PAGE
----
At first, you may feel that creating a to-do list is time-consuming or burdensome. If that’s you, don’t get discouraged. As with most things, with a little bit of time you should get faster and better at creating a list that works for you. Just imagine being able to checkoff each task you listed and how that would make you feel. The odds are you would feel a sense of accomplishment and satisfaction, as you should!
When to Create a To-Do List
When creating a task list, do it the night before or first thing in the morning before you start your workday, so that your day is already planned out. Creating a to-do list for the day while working distracts you from focusing on the tasks necessary to be done that day. If a new task comes up while you’re working, jot it down on a post-it or notepad, send yourself an email, add it to your calendar, or send yourself a text message to help capture it. That way, you don’t have to worry about having to recall what it is you need to do because you have it stored somewhere you can refer to later, when you sit down to make your next to-do list.
Keep Your To-Do List Reasonable
You may be inclined to list a gazillion things you want to accomplish on your to-do list. That’s inspiring but probably not best. Remember that a to-do list for the day is meant to capture tasks that you need to start and/or finish that day to help keep you focused and productive. When you start listing everything you want to do, you’ll just end up with a lengthy to-do list that you may get lost in, making your list counterproductive.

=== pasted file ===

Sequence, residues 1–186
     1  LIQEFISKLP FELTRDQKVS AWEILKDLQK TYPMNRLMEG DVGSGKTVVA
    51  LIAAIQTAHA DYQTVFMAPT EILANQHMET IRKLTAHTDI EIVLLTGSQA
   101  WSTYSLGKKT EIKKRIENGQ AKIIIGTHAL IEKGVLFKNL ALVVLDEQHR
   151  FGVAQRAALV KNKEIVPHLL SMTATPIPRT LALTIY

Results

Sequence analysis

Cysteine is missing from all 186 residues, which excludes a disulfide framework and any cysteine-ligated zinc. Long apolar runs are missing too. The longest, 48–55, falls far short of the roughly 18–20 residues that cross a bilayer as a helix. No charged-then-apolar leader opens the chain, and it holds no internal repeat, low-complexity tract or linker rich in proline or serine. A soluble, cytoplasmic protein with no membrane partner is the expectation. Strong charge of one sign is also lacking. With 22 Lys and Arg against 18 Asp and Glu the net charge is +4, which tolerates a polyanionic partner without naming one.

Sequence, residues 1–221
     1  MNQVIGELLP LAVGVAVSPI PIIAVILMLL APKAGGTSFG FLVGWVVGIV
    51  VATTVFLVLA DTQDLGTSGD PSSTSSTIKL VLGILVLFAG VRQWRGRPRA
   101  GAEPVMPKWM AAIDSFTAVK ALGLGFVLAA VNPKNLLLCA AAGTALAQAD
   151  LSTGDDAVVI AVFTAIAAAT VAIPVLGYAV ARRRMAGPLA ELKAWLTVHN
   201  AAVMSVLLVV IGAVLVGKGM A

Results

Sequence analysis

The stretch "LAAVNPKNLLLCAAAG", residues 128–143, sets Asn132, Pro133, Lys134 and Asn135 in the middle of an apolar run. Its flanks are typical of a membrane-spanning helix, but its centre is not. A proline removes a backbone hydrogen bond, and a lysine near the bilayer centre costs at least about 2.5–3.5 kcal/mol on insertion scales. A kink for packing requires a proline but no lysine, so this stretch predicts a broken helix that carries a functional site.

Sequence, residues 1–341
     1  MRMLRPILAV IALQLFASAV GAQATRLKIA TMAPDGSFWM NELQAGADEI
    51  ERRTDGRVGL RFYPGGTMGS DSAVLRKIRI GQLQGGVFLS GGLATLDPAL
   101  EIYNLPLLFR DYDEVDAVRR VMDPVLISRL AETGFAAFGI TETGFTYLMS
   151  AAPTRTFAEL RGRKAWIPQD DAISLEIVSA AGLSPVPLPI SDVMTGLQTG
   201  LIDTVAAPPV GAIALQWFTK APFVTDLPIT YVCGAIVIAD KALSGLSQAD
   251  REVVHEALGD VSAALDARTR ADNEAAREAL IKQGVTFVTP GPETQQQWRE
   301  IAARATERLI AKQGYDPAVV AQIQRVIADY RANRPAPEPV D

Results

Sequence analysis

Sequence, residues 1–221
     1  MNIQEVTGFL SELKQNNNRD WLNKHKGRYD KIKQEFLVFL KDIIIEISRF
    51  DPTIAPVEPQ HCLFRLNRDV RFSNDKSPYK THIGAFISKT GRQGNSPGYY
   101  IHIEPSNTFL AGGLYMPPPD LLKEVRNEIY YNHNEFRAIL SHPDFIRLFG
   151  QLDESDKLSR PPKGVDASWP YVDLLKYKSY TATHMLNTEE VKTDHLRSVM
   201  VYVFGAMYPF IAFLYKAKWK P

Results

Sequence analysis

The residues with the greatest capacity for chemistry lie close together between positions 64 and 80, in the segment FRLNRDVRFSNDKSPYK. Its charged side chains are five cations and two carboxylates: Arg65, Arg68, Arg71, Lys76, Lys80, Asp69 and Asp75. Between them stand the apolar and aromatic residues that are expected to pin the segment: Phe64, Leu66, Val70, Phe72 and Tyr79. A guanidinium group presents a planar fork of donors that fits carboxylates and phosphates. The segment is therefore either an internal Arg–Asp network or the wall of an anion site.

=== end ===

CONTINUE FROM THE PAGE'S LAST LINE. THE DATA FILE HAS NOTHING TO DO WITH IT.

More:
If you’re inclined to include tasks that you wish to do, just be realistic and fair to yourself. Avoid having a list of tasks that you cannot realistically complete because that may derail you. When we fail to meet our deadlines or goals, it can create a feeling of stress, disappointment, frustration and be de-motivating. Keep your to-do list limited to what you must do on a particular day, rather than combining what you have to do with what you wish to do to help keep you focused and productive.
Take Regular Short Breaks
Taking mini work breaks can help keep your attention sharp, restore your focus, keep you motivated, and maintain overall good health.
When you sit constantly or for long consecutive hours, your blood circulation and brain function slows down which can lead to a higher risk of developing serious medical conditions like depression and obesity, among others.
Experts suggest that taking a 5- or 10-minute break every 30 minutes to walk around, stretch, and the like can help your mind and body stay in good health. Studies report that taking regular mini breaks from mental tasks can improve your focus, productivity and creativity, reduce stress, and help maintain performance throughout the day.
So, get into the habit of taking mini breaks. Make it part of your everyday routine. If you need a reminder or assistance to get into the habit of doing so, here’s a few ideas to help get you started:
- Write it down on a post it and stick it on your computer screen where you can see it,
- Schedule a reoccurring break event in your calendar, or,
- Download a break reminder app.